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The Journal Gazette

  • A Charlottesville Sheriff's van carrying James Alex Fields Jr., approaches the temporary General District Court courthouse in Charlottesville, Va., Monday, July 15, 2019. Fields is due to be sentenced in state court Monday, for his role in the Unite The Right rally in 2017. (AP Photo/Steve Helber)

  • FILE - In this Aug. 12, 2017, file photo, people fly into the air as a vehicle is driven into a group of protesters demonstrating against a white nationalist rally in Charlottesville, Va. James Alex Fields Jr. Fields, who was sentenced to to life in prison on federal hate crime charges for deliberately driving his car into anti-racism protesters during a white nationalist rally in Virginia, is set to face a state judge on Monday, July 15, 2019, who could add another life sentence, plus 419 years.(Ryan M. Kelly/The Daily Progress via AP, File)

  • FILE - This undated file photo provided by the Albemarle-Charlottesville Regional Jail shows James Alex Fields Jr. Fields, sentenced to life in prison on federal hate crime charges for deliberating slamming his car into anti-racism protesters during a white nationalist rally in Virginia is set to face a state judge who could add another life sentence, plus 419 years. Fields will be sentenced Monday, July 15, 2019, for killing one person and injuring dozens during the "Unite the Right" rally in Charlottesville on Aug. 12, 2017 (Albemarle-Charlottesville Regional Jail via AP, File)

Monday, July 15, 2019 2:30 pm

Man sentenced to 2nd life term in Charlottesville car attack

DENISE LAVOIE | Associated Press

CHARLOTTESVILLE, Va. -- An avowed white supremacist was sentenced to life plus 419 years on state hate crime charges Monday for deliberately driving his car into anti-racism protesters during a white nationalist rally in Virginia.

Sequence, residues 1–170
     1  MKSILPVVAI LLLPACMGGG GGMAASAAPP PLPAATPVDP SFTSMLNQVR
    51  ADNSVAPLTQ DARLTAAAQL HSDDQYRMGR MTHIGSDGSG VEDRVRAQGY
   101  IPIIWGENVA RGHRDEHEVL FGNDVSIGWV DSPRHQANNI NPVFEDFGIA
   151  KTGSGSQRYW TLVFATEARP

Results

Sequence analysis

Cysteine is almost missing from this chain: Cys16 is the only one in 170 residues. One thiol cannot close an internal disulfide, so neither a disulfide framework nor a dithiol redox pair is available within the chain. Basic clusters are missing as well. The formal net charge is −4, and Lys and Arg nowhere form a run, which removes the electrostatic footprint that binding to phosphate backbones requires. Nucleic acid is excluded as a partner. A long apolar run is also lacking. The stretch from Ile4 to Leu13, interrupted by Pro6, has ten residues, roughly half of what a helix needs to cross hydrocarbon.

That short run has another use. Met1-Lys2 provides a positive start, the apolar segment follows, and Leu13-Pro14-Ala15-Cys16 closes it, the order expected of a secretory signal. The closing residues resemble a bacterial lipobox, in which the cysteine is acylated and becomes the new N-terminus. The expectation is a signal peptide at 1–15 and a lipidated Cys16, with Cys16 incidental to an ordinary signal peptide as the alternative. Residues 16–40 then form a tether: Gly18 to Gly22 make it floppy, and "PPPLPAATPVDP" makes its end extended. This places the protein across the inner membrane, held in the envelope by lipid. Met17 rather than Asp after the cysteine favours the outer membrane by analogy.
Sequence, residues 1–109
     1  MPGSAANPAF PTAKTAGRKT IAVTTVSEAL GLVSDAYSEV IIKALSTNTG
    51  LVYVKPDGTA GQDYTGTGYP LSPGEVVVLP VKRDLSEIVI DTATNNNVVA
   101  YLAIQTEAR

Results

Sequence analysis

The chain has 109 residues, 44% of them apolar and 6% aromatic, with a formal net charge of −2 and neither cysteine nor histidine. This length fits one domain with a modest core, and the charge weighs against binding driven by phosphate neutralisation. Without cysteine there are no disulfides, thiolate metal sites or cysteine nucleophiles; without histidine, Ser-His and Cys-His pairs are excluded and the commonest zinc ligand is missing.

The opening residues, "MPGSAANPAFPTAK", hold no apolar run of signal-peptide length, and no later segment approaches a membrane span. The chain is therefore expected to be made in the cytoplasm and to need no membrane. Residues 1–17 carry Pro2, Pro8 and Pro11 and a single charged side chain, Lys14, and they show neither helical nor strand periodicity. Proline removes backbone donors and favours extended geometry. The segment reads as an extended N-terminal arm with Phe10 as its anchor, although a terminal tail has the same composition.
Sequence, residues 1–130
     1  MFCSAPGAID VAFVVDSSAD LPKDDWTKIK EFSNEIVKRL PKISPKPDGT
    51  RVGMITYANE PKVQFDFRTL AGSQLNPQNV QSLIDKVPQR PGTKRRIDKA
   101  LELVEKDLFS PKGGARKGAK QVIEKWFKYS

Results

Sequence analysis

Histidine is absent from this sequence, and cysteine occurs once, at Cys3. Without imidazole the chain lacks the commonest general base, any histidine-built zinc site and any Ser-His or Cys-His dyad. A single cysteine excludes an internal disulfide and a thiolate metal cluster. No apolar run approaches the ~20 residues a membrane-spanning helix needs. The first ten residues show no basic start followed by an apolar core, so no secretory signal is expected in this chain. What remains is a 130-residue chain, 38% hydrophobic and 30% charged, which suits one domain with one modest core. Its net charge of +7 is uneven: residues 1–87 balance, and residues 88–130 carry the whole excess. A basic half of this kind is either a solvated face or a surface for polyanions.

James Alex Fields Jr., 22, received the sentence for killing one person and injuring dozens during the "Unite the Right" rally in Charlottesville on Aug. 12, 2017.

Last month, Fields received a life sentence on 29 federal hate crime charges.

Charlottesville Circuit Court Judge Richard Moore followed a state jury's recommendation in handing down the sentence. Under state law, he was allowed to go lower than the recommendation, but not higher.

"Mr. Fields, you had choices. We all have choices," Moore said. "You made the wrong ones and you caused great harm.... You caused harm around the globe when people saw what you did."

The state sentence is mainly symbolic given his previous sentence on the federal charges.

"For his purposes, he has one life to give, so this is a largely academic exercise," said Jonathan Turley, a law professor at George Washington University.

Fields, an avowed white supremacist who kept a photo of Adolf Hitler on his bedside table, drove from his home in Maumee, Ohio, to attend the rally, which drew hundreds of white nationalists to Charlottesville to protest the planned removal of a statue of Confederate Gen. Robert E. Lee. The event also drew counterprotesters who demonstrated against the white nationalists.

Violent skirmishes between the two sides prompted police to declare an unlawful assembly and to order the groups to disband before the rally could even begin. Later that day, Fields plowed his car into a crowd of counterprotesters, killing Heather Heyer, 32, and injuring more than two dozen others.

The event stirred racial tensions around the country. President Donald Trump sparked controversy when he blamed the violence at the rally on "both sides," a statement that critics saw as a refusal to condemn racism.

During Fields' state trial, his attorneys focused on his history of mental illness and traumatic childhood.